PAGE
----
In this section, you will find answers to some commonly asked questions. If there is a question you cannot find information on, please don’t hesitate to contact us.
FAQs - Services
I need someone onsite for a few days to assist with my bid submission – do you offer that service?
Sunshine DC is able to work from your office and come complete with laptops with all the required design programs installed. Whether you need someone for half a day or a few weeks Sunshine DC can ensure you have all the skills you need to complete your project on time.
Do you provide fixed quotes?
Yes we do. Sunshine DC can provide you with a fixed quote for your project to ensure you keep to your budget. Fixed quotes generally include a set number of revisions included in the price. Sunshine DC can also work on an hourly basis if that is better suited to your needs.
How do I contract your services?
Either call us or send an email to email@example.com and we will contact you to discuss your needs. Alternatively, if you have a clear idea of what you are after, include as much detail as you can in your email and we may be able to provide you with a quote based on that information.
I only need a logo developed and a business card – can you help me?
Sunshine DC can assist you with any job, no matter how large or small. Each client is important to us and we give equal consideration and effort to every one of them, regardless of how small the project.
FAQs - Technical
What is a printing proof?
A printing proof is a trial print or sheet of printed material that is checked against the original to see if corrections need to be made. It is not often a correct colour match for the final output, but rather is used to ensure content accuracy.
What do the different printing terms mean?
- CMYK – Cyan, Magenta, Yellow and Black: The process colors used in color printing. Black is usually added to enhance color and to print a true black.
- Crop Marks – The lines drawn on artwork indicate where the image or image area should be trimmed after printing.
- PMS Colours – Pantone Matching System: A commonly used system for identifying specific ink colors.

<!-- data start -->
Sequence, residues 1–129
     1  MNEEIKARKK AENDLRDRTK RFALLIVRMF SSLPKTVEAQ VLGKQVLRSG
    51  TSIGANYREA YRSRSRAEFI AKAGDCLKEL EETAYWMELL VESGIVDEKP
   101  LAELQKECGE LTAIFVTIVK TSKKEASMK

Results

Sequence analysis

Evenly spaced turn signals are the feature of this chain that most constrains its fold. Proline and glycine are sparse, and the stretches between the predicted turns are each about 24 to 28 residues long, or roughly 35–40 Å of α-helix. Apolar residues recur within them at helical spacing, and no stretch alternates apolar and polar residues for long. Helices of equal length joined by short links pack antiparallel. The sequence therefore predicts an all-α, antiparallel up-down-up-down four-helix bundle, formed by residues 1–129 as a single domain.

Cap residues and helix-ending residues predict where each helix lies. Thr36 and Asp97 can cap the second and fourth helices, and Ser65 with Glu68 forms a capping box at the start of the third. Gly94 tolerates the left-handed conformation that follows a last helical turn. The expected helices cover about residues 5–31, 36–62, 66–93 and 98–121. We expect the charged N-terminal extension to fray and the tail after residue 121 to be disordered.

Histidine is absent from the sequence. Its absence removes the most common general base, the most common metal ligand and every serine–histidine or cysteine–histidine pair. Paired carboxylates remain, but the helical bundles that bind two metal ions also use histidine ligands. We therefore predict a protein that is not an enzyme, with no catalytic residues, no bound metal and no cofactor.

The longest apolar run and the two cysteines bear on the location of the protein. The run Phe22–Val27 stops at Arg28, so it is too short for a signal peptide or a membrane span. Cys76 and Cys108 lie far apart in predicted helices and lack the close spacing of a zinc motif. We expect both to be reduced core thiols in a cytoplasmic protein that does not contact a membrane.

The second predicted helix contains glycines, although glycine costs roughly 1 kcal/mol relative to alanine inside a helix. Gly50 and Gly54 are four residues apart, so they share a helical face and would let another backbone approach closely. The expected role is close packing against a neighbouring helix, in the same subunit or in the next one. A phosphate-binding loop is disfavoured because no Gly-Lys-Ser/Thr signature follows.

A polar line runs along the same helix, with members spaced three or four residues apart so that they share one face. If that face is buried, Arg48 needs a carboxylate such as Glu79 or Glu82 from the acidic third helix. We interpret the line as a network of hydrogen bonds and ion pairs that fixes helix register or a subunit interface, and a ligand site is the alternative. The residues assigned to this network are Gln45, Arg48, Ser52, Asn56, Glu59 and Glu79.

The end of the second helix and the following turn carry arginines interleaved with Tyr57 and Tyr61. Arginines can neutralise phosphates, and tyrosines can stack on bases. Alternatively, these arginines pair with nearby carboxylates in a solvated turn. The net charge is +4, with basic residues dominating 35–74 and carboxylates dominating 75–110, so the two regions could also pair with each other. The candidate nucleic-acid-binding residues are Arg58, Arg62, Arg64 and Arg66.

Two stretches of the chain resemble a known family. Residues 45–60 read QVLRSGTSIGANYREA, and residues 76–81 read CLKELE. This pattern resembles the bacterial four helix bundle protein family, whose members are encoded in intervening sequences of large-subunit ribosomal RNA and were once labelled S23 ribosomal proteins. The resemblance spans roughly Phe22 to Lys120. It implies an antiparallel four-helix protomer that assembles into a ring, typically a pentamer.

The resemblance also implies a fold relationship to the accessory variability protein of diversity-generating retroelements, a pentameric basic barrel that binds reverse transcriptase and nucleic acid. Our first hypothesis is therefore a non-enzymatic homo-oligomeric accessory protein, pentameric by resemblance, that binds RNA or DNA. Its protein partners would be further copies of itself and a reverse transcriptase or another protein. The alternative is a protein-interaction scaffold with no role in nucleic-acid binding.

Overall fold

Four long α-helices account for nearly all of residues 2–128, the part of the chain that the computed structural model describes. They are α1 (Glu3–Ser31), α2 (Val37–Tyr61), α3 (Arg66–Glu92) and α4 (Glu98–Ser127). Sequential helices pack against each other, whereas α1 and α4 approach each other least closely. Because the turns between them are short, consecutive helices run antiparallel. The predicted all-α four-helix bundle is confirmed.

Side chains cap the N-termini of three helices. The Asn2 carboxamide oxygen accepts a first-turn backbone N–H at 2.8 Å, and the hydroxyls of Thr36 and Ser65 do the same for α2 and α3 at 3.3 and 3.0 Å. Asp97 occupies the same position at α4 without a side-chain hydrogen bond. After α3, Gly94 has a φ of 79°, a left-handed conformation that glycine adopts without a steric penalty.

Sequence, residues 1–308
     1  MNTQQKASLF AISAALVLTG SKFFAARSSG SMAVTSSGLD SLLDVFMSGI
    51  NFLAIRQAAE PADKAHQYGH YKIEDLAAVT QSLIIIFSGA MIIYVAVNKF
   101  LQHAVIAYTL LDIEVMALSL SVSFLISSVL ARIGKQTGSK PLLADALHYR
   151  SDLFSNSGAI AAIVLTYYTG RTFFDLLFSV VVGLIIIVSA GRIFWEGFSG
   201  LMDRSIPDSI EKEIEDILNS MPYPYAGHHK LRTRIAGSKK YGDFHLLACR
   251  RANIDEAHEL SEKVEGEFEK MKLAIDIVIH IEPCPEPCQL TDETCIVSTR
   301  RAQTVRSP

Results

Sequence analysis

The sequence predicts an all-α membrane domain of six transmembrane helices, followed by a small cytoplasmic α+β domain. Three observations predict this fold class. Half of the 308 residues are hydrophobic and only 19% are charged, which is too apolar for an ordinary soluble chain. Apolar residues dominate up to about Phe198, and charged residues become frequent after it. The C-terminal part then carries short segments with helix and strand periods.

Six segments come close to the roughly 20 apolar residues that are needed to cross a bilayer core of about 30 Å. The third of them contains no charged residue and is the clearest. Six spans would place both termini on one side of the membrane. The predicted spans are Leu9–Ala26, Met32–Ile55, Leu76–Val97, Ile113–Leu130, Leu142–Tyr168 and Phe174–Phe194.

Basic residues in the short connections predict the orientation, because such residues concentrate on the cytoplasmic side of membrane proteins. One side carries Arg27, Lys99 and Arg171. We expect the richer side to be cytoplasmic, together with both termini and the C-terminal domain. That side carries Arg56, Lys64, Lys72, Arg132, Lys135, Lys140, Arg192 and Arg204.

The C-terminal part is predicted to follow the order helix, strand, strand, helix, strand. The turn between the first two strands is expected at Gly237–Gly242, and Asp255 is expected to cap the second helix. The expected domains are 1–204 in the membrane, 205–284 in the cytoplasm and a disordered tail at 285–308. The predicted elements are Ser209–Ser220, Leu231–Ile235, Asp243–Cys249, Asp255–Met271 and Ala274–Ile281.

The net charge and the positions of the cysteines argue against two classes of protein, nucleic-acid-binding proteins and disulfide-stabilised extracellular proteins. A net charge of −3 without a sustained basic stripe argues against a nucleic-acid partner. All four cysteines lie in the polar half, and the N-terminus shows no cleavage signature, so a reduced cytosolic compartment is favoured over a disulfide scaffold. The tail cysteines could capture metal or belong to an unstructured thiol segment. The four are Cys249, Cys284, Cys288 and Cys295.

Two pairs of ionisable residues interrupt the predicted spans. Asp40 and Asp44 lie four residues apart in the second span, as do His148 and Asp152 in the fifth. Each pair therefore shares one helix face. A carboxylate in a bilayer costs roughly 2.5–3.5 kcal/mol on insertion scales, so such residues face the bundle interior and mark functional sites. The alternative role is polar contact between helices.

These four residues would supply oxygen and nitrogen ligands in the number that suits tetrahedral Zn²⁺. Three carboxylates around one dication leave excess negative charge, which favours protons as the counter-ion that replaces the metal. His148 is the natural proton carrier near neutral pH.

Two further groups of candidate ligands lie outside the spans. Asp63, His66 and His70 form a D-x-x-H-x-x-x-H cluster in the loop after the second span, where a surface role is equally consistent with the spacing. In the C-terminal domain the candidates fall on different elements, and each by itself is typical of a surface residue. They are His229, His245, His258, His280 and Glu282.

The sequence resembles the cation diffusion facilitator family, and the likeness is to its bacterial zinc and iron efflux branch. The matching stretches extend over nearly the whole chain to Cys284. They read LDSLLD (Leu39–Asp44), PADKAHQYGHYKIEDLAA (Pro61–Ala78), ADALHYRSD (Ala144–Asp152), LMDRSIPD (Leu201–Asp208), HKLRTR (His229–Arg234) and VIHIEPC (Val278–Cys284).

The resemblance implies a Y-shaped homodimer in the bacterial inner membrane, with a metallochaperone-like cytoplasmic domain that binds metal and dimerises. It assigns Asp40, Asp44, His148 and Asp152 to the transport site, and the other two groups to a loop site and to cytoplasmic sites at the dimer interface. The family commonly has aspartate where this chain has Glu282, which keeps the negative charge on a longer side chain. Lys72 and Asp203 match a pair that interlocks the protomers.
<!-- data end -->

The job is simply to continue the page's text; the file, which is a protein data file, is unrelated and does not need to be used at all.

What image resolution do I need?
Image resolution is very important, especially if you will be printing your work.
As a general rule, your image needs to be 300dpi resolution to be used in print work, and 72 dpi to be used in web work / on screen presentation.
DPI (or Dots Per Inch) is the number of dots of ink generated by the half-tone process contained in an inch of picture. Digital images measure pixels per inch or centimeter
I want an image to place into Microsoft Word or PowerPoint that has a transparent background. What format do I need?
If your image is a vector image, you can export your logo (or request that your logo be provided to you) as a WMF (windows meta file). This format has no background.
If your image is a raster image (e.g. JPG) this becomes more difficult. Some Microsoft applications have the ability to specify a particular colour and make it transparent, but more often than not, you will be unable to use this graphic with a transparent background. GIF formats can be exported with a transparent background, but generally this file type is only high enough quality for use on screen. It is not a suitable format to print.
The other option is to use the image on a background the same colour as the background in the image. For example, if your image background is white, put it on a white background.
What are raster and vector image formats?
There are two main types of image formats – Raster images and Vector Images.
Raster image formats should be the type you would be most familar with. A Raster format breaks the image into a series of colored dots called pixels.
Benefits: A Raster image is often able to achieve a more realistic effect than vector images. It is often also able to have more effects applied to it compared to vector effects. Negatives: A raster image is resolution dependent. This means that if you have a small image – you cannot make it bigger without losing image quality. However, you can take a large image and scale it down (ie make it smaller). A raster image is also often significantly larger in size (MB) compared to a vector graphic.
Common raster image types include: JPG, GIF, TIFF and BMP.
Unlike raster images, vector images do not store their information as a series of dots. Rather they store information as a series of mathematical calculations. This means that vector images are “resolution independent.” This means that they can be increased in size infinitely and they will look as clear and as sharp as they did at a smaller size.
Common vector image types include: AI and EPS.